school-construction

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Excerpts from a facilitiesnet.com 6-part series on K-12 retrofits:

Components and systems within school districts are often outdated and require the maintenance and operations directors challenges in projects that deliver both long-term performance and bottom-line benefits.

“There is almost no project that we don’t scale back based on financial limitations,” says Bob Wilkinson, director of maintenance and operations with Frederick County (Md.) Public Schools. “I don’t mean that to be pessimistic. It’s just a realistic response to the prioritization of needs.”

Managers in K-12 districts across the country are forced to weigh similar issues every day as they consider the best ways to take advantage of funding.

“Financing can be a substantial hurdle to overcome,” says Jennifer DuPlessis, director of maintenance and operations with the Arlington (Texas) Independent School District, which consists of 75 buildings and 10 million square feet on 1,400 acres and serves 64,000 students and 8,000 staff and faculty. “Our administration and board have been very supportive of our efforts to improve school facilities. But just like every other school district, we have financial constraints.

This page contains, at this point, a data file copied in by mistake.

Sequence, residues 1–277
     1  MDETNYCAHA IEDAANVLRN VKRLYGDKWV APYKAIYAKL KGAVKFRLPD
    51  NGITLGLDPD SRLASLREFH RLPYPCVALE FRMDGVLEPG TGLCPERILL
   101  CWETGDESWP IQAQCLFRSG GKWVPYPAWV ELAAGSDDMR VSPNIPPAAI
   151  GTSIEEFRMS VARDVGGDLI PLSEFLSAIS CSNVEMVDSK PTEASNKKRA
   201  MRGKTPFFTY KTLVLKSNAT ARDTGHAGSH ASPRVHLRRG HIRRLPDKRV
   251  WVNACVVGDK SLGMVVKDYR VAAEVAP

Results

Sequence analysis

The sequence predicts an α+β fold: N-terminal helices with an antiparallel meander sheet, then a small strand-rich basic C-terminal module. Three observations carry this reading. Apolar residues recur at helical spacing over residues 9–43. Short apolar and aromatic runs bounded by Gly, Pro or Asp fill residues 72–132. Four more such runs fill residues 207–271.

In some districts, the lack of available funding and a large stock of aging facilities and equipment has resulted in growing deferred maintenance and has paralyzed a school district’s efforts to carry out upgrade projects.

“Our requested capital improvement projects list submitted annually is based upon projected funding,” says Craig Borkman, a project manager with the Virginia Beach (Va.) City Public Schools district, which is made up of 96 buildings with 11 million square feet and serves 68,000 students and 10,000 faculty and staff. “These projects are typically reviewed, prioritized and further validated for completion. In the event funding is not available, the project is typically pushed back another year. As our infrastructure continues to age, the list of deferred projects generally becomes larger. We’ve shifted from building new facilities to replacing aging systems in the ones we have that we can no longer afford to replace.”

What are the next retrofit projects at your school?

Manager roles, expected return on investment, the time constraints are other topics the 6-part series cover and something we will highlight in another blog post. Stay tuned!